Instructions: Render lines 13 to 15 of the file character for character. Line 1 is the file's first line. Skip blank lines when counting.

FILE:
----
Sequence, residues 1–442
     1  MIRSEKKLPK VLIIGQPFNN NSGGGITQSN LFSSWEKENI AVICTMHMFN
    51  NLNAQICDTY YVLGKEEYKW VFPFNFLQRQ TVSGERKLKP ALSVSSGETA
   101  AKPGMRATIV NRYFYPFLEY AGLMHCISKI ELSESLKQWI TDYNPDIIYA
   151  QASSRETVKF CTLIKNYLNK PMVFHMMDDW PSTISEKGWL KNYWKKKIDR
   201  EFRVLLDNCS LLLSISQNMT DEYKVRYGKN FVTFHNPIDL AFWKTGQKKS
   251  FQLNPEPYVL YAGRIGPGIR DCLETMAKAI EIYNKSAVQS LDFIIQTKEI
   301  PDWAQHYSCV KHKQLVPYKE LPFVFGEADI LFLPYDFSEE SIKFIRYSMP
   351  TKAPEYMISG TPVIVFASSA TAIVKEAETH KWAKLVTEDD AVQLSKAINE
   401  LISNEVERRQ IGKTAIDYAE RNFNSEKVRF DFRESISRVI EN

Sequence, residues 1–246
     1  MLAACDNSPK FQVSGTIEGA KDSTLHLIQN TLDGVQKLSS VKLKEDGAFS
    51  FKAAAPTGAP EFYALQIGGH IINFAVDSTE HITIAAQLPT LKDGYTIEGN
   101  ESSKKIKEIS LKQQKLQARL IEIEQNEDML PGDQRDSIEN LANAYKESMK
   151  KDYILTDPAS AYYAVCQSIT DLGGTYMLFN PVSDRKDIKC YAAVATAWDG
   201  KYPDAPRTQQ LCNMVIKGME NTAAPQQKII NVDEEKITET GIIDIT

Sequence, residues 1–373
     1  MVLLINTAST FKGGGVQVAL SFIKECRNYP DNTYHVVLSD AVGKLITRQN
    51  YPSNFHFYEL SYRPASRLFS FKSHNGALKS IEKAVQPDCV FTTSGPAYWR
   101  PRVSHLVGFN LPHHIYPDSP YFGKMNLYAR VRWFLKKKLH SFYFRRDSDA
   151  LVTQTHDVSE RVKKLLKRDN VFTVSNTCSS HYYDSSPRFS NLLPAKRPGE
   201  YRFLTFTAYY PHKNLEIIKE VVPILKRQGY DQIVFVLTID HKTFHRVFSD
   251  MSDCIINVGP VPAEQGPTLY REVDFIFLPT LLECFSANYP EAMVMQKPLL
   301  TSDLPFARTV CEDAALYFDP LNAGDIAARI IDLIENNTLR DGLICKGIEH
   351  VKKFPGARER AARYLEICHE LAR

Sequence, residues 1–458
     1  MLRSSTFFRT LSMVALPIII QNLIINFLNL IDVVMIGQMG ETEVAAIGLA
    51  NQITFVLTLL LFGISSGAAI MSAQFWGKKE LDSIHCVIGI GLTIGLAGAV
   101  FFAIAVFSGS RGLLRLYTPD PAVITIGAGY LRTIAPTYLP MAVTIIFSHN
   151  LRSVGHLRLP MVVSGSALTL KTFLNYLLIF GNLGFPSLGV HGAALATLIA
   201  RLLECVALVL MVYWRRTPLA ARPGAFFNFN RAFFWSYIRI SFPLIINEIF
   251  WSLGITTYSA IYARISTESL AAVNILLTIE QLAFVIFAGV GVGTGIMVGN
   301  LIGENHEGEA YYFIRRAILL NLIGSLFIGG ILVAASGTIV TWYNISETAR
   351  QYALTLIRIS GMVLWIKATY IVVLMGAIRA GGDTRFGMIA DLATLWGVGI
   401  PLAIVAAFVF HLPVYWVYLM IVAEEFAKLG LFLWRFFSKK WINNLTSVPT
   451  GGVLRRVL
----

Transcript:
    51  FKAAAPTGAP EFYALQIGGH IINFAVDSTE HITIAAQLPT LKDGYTIEGN
   101  ESSKKIKEIS LKQQKLQARL IEIEQNEDML PGDQRDSIEN LANAYKESMK
   151  KDYILTDPAS AYYAVCQSIT DLGGTYMLFN PVSDRKDIKC YAAVATAWDG